The past month has been spent giving you an overview of how Mandy was diagnosed with Multiple Sclerosis. Two things happened upon hearing her neurologist at Johns Hopkins utter the words “This is MS” while examining the MRI films of her brain. First, there was a feeling of exoneration. We weren’t crazy. All the inexplicable on-and-off-again symptoms that were plaguing Mandy had their roots in an actual, true-to-life disease. Then the other shoe dropped and we froze. Though we were afraid to say it aloud, we each thought the same thing – ‘what now?’
Slowly, we began to make changes to our lifestyle. I was running a start-up technology company that, for the most part, relied on out-of-state telecommuters and sub-contractors responsible for designing our software systems. My office was nearly an hour away from the house, but since most of the time I was the only person there, I started to work from home. First just a few days a week, but eventually finding me at the office was a rare occurrence.
Mandy just wasn’t able to work full-time any longer. She was still in the early stages of the disease, at a time when the loss of feeling in her legs and arms would nearly incapacitate her. Since then she’s gotten much better at dealing with this when it happens. She found a part-time job as an office assistant. While it was a good job in that the gentleman she worked for was most accommodating when she would suffer an MS bout, it paid much less than the jobs she held prior to being diagnosed.
So while Mandy slowly made the mental adjustment required when going from full-time to part-time worker, I found myself entering my own period of adjustment. My wife is very independent and, as such, was determined that MS wasn’t going to beat her. Instinctively, I knew it would be best not to squelch that independent streak. Instead, I found myself watching her more carefully than ever before.
If I saw her having trouble with something, I would just quietly step in and give her a hand... then immediately back out again. Mandy’s smart. She knew what I was doing, but neither of us really discussed it. Over the next few months, I slowly started doing small chores, many of them before Mandy even woke in the morning. This worked better since watching me do what she considered to be ‘her’ chores would depress her, even though she would, if asked, admit that she appreciated the help.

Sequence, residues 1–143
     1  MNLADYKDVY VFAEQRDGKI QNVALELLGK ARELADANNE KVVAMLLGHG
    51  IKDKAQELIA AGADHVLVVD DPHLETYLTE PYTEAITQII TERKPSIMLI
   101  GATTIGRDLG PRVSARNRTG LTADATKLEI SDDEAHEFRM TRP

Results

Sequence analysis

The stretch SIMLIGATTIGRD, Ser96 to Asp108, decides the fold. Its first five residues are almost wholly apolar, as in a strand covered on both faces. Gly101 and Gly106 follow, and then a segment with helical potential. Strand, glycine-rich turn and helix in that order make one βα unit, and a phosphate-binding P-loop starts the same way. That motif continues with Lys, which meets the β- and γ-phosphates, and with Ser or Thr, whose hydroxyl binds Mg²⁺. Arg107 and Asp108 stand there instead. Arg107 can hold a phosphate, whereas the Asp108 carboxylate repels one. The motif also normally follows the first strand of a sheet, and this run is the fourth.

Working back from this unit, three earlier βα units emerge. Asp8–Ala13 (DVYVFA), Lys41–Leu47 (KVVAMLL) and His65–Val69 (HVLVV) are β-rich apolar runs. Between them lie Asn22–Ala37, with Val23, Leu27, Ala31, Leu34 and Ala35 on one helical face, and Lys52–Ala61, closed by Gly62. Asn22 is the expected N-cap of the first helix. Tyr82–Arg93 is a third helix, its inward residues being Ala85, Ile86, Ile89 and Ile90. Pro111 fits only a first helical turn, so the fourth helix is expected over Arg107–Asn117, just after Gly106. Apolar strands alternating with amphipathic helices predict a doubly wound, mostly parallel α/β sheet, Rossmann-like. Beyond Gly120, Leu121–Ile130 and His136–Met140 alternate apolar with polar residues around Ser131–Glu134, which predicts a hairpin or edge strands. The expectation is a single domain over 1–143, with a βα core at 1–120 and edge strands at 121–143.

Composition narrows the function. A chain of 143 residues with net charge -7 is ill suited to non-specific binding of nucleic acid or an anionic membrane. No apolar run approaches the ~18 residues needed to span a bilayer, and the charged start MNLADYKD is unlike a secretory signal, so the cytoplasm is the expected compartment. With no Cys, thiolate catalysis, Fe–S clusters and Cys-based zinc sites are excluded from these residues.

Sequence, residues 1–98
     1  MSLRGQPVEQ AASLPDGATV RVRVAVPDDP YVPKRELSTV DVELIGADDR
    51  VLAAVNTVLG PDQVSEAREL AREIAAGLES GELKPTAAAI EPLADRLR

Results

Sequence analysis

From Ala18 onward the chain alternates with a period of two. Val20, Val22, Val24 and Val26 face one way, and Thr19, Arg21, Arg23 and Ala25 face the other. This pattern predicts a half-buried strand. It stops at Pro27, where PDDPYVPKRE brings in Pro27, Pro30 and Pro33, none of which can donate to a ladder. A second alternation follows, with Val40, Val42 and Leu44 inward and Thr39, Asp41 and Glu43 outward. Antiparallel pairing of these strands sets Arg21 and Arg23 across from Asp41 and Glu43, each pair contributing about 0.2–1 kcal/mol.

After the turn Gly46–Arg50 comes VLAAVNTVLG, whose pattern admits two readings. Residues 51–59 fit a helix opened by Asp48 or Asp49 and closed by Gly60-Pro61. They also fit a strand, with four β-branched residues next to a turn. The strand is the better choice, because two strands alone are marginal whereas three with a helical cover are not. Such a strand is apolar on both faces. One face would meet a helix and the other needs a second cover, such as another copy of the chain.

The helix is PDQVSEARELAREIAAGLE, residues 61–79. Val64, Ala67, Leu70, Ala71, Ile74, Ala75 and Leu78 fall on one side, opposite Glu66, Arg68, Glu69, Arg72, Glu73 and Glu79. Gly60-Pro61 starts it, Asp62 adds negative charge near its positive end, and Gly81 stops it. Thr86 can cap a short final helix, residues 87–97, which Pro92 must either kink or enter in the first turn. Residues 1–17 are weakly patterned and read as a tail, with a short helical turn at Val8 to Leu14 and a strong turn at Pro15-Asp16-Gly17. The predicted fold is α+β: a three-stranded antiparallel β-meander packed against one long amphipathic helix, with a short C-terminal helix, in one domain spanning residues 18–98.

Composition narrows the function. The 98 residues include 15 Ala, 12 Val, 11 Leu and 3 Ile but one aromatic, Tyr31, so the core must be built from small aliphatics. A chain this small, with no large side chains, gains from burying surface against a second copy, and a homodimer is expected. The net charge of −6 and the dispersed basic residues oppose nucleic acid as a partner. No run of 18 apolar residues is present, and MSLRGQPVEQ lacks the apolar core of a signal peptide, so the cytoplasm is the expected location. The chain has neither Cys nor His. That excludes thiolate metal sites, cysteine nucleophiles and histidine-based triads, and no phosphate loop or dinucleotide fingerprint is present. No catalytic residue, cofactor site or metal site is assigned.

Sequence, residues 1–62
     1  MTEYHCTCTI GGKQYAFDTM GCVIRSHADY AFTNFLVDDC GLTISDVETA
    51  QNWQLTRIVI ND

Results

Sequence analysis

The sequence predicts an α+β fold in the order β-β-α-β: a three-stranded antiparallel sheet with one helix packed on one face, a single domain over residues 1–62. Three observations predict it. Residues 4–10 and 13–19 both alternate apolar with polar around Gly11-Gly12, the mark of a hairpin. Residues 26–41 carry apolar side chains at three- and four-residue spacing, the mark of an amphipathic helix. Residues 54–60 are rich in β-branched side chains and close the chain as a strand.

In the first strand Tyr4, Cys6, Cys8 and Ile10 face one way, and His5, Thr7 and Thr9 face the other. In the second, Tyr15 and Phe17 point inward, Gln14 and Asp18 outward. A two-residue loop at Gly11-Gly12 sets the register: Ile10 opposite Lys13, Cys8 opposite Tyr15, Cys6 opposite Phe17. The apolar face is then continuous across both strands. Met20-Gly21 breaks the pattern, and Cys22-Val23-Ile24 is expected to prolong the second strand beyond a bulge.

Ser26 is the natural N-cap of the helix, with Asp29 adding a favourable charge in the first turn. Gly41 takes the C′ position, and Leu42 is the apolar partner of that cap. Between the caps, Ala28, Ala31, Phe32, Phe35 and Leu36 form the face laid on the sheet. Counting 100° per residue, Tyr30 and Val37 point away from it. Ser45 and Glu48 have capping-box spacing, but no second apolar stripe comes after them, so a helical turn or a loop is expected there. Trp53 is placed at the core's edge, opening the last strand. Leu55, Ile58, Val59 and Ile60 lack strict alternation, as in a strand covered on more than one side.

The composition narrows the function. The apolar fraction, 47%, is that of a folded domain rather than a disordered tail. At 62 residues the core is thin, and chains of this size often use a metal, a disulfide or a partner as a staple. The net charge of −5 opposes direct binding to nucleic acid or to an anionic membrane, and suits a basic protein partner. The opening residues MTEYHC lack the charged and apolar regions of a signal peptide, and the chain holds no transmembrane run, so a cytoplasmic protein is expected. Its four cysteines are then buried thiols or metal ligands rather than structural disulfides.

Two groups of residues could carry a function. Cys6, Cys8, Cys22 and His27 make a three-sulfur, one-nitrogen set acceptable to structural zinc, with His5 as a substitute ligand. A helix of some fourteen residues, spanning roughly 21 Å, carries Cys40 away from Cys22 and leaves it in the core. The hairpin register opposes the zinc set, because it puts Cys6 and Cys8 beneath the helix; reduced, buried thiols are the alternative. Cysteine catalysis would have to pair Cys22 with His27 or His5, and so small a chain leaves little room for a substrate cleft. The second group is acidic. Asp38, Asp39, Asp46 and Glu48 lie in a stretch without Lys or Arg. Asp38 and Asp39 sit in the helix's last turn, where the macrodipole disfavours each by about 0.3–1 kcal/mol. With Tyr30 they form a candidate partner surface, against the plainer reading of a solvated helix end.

Nowadays it’s different. We’ve come to grips with MS and are quick to shed our MS-related roles when symptoms are at bay. But the moment I observe Mandy’s tell-tale shuffling gait or see her normally perfect posture begin to relax, I know that MS is right around the corner.
Change can happen fast, but real, lasting change happens more slowly because it’s got to get inside of you... become a part of you. When we got married, we did so within two weeks of Mandy accepting my proposal. Why? Because at the time she was not in an MS episode and we wanted to take a honeymoon. There’s almost no way to reliably make long-term plans when one of you has relapsing-remitting MS since you never really know when the disease is going to flare up.
Of course, I’ll temper that statement by saying that MS, from what I’ve seen, is unique in that it’s symptoms are so different from person to person. That’s why it’s hard to write about it; there are readers who will not relate to much of what I say because their MS is so different from what I observe in Mandy.
I said in an earlier post that I am well aware there are many levels of caregiving. But one thing is the same no matter how little or how much caregiving is required in your home. Your lives and your relationship will change. You need to acknowledge your new roles and wear them without playing the martyr. How to integrate your new roles into the relationship, and how to do so without fundamentally changing that part of the relationship that keeps you together, may be your biggest challenge.
Published On: March 02, 2008